Linkage form (Figs. 2 and 3).The cam form, Fig. 1, is very simple and will work very smoothly, especially if the cam be plotted at as great a distance as convenient from the axis of rotation C to flatten and smooth the cam curves as much as possible. In view of the results secured by the above theoretical discumion, however all desired motions may also be produced by definite kinematic combinations or a linkage. In Figs. 2 to 4 I show such linkage as applied to a camera comprising a plus lens and a minus lens substantially as in Fig. 1. The pin hole X of the combination is located in theaxis of pivot C mounted on a stand fastened to the camera bed- 51. The plate 52 is held substantially as in Fig. 1 by end posts, such as end post 53, with recess 5%;

extending up to the top wall of the camera which is slotted to permit of inserting the plate or its plate holder from above. Springs, such as 55, serve to hold the plate in proper focal position. Externally of the two posts 53 are mounted rollers 60, only one of which appears in Fig. 3. Surrounding the plate 52, post 53 and rollers 60 is a flexible light-proof band. comprising 2 equal halves 62, 63. These halves are connected in front of the plate at the bottom by a metallic bar 64. This bar 64 and a similar bar at the top determine the exposing slit of the focal plane shutter 62, 63. At the rear a suitable The central point E of the exposing slit is constrained to move exactly parallel with the camera plate by means of a Peaucellier linkage CDEFGH which need not be 'further described, except to note that point G follows a circle passing through C. A smaller linkage CDEFG having all its rods proportional to the similarly lettered belt tightener 65, 66, 67 is provided.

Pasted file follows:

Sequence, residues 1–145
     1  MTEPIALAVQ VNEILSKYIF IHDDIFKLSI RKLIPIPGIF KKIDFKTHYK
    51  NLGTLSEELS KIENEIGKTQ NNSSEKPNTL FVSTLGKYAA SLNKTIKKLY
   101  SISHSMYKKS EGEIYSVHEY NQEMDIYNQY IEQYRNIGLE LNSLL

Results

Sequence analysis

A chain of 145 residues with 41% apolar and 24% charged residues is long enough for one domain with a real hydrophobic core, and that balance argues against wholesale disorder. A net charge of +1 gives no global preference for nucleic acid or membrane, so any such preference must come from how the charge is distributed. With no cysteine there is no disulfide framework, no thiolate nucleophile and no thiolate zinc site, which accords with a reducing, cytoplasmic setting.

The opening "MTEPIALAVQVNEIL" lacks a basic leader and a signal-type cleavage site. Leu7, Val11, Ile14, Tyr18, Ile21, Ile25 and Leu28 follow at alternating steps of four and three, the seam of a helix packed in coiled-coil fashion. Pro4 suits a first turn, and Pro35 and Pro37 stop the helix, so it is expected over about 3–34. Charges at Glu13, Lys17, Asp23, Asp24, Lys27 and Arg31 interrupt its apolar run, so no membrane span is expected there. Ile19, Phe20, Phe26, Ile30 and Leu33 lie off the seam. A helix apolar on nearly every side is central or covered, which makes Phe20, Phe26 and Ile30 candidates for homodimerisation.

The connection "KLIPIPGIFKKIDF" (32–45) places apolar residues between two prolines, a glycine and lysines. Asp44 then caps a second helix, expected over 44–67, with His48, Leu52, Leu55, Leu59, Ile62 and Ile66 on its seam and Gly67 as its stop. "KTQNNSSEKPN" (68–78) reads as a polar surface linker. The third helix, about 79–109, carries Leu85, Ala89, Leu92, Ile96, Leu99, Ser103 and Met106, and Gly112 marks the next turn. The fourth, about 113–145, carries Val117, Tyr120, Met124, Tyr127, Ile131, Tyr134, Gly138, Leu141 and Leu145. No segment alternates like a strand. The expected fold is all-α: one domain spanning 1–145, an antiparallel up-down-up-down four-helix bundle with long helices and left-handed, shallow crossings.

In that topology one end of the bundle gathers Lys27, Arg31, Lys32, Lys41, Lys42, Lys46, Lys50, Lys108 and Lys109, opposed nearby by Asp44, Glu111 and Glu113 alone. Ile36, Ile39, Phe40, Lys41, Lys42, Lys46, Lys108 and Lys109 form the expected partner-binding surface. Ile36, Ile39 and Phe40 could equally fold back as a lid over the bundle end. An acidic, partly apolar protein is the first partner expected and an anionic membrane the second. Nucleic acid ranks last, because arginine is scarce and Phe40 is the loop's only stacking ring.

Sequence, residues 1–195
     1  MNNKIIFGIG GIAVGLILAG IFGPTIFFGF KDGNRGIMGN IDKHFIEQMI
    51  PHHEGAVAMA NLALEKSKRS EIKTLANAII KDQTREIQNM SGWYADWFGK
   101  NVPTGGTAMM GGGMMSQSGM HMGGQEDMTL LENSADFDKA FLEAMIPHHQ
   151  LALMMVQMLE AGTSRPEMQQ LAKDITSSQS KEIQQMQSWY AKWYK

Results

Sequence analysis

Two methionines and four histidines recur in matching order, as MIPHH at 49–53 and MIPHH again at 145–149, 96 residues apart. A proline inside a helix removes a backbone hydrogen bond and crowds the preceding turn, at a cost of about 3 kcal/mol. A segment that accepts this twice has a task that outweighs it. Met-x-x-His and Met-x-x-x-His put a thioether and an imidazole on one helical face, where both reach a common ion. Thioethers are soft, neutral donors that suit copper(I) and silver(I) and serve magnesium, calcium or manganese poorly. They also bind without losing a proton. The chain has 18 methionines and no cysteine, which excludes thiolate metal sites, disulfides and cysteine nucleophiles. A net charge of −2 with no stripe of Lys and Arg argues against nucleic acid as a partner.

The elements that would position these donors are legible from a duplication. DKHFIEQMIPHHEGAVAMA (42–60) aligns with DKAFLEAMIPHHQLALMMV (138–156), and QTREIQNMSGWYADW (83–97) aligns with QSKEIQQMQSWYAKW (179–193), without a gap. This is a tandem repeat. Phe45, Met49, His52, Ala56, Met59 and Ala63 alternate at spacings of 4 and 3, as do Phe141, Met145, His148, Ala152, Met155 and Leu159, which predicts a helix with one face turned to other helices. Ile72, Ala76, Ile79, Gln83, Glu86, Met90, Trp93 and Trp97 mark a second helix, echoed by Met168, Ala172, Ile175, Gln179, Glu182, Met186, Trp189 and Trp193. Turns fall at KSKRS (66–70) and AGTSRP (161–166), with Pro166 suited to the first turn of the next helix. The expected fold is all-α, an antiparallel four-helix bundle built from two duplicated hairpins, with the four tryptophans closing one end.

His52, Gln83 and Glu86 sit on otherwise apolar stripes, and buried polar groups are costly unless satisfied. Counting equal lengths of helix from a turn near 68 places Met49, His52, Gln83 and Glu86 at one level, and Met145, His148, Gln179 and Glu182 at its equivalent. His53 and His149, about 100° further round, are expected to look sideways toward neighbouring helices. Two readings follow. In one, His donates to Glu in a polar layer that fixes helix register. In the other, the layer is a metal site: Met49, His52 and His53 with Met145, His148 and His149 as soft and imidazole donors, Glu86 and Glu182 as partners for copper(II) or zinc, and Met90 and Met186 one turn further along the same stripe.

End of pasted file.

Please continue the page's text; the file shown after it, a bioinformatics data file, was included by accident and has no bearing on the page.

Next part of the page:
rods of the large linkage is mounted by means of extensions of its" own rods on the large linkage, at points V, W, T and Z. The figures DVDW and FTFZ are parallelograms so as to establish a pantographic connection between the large linkage and the smaller and keep the two exactly similar throughout all deformations. Point O is thus controlled to move parallel to the camera plate so that the distance CC is and remains a constant fractional part of the distance GP or a; the desired variable focal length. The variable distance GG' in the smaller linkage also bears a constant relation to the distance GC in the larger, and as GC is inversely proportional to CE and to m,